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Thursday, September 06 2012

The HR resource every business needs
HR News Alert
September 2012

 

Brought to you by: Greentree Management & Insurance, Inc.

Employee Loyalty Linked to Satisfaction with Benefits

Employees of small businesses who are very satisfied with their company benefits are more likely to report greater job satisfaction and a stronger sense of loyalty to their employers, according to recent findings from a MetLife study. Aside from salary, health coverage ranked as the number one benefit driving loyalty among those employees interviewed for the study.

Younger Workers Place High Value on Benefits
The study, which included several hundred interviews of small business employees (those working for companies with fewer than 500 employees), also highlighted a number of key differences between younger and older workers when it comes to employer-provided voluntary benefits:

  • 46% of younger workers identified employee benefits as an "important reason" behind their selection of employers, as opposed to 29% of older workers.
  • One-half of younger workers reported relying more on employer-provided benefits to achieve financial security due to current economic conditions, while 37% of older workers reported the same.

Both younger and older workers would rather pay more of the cost for employee benefits than lose those benefits. More findings from the study are available from MetLife. For help with benefit planning, check out our featured Benefits Trends and Benchmarking Tools and work with your broker or other trusted benefits advisor to analyze your company's needs.


 

5 Tips to Prepare Your Business for a Natural Disaster

As Hurricane Isaac recently reminded us, natural disasters can happen suddenly at any time. The loss of essential records, files, and other materials during a disaster is commonplace and can not only add to your damage costs, but may also delay your return to normal operations.

Securing Company Documents and Equipment
To reduce your vulnerability, determine which records, files, and materials are most important; consider their vulnerability to damage during different types of disasters (such as floods, hurricanes, and earthquakes) and take steps to protect them.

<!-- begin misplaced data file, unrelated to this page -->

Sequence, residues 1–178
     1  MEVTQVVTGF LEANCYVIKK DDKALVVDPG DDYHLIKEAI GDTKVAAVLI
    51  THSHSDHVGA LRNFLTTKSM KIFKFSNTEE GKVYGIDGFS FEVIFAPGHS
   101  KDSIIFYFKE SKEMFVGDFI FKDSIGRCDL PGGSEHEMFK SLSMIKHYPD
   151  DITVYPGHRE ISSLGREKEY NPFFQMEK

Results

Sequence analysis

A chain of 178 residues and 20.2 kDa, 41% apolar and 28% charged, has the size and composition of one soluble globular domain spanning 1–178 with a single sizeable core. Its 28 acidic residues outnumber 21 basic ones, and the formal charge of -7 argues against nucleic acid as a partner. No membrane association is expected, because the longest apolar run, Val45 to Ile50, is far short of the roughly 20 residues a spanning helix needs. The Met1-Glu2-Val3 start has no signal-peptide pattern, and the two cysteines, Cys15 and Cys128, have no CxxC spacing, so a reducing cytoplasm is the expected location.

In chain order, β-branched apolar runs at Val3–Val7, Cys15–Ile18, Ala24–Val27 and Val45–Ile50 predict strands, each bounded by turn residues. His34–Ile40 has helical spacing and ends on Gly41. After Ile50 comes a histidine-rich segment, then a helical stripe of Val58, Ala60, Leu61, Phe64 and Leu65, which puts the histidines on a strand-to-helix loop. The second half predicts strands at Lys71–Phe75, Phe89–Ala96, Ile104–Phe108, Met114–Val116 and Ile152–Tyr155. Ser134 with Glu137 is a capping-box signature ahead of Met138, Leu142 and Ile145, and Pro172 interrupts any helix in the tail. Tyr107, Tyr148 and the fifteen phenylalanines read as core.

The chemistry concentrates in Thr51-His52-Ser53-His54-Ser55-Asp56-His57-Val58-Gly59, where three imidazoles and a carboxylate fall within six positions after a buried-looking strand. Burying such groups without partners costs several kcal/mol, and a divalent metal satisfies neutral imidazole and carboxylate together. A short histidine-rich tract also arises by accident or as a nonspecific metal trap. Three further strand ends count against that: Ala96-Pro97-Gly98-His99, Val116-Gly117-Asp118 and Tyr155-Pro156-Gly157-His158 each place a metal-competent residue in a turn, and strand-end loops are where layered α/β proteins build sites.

1. Confirm your insurance. Make sure you're aware of the details of your flood insurance and other hazard insurance policies, specifically which items and contents are covered and under what conditions. Check with your insurance agent if you have questions.
  2. Back up essential files. Regularly back up vital electronic files (such as billing and payroll records and customer lists) and keep backup copies in a secure off-site location. Important papers (plans, legal documents, etc.) should also be stored securely off-site.
  3. Consider the location of equipment susceptible to damage. Raise computers above flood level, move heavy objects to low shelves, and secure any equipment that could move or fall during an earthquake.
  4. Take inventory. For both insurance and tax purposes, you should maintain written and photographic inventories of all important materials and equipment. Estimate the cost of repairing or replacing each essential piece of equipment in your business.
  5. Perform regular building maintenance and repairs. Periodically evaluate the building envelope to make sure that wind and water are not able to penetrate the building.

Our section on Planning for Workplace Emergencies includes additional guidelines on developing an emergency action plan to protect your employees and business during a disaster.


Online Advisor Can Help Employers Comply with COBRA

Did you know the federal government provides free interactive guidance for help complying with COBRA? The COBRA Advisor is an easy-to-understand online tool that can help you determine your compliance with key requirements under the law, including requirements related to:

  • Notices,
  • Qualifying events,
  • COBRA election procedures,
  • Duration of continuation coverage, and
  • Paying for COBRA.

COBRA generally requires that group health plans sponsored by employers with 20 or more employees in the prior year offer employees and eligible spouses and dependents the opportunity for a temporary extension of health insurance where coverage under the group plan would otherwise end due to certain qualifying events

The information provided in the Advisor is not intended as legal advice. Employers, including those with fewer than 20 employees, may also need to comply with state "mini-COBRA" laws and should check with their state insurance departments for specific requirements.

If you're looking for more easy-to-understand guidance, our Steps to Success provide a series of "how-to" interactive guides to help you understand and manage COBRA, FMLA, and other key HR responsibilities, such as hiring employees and conducting performance reviews.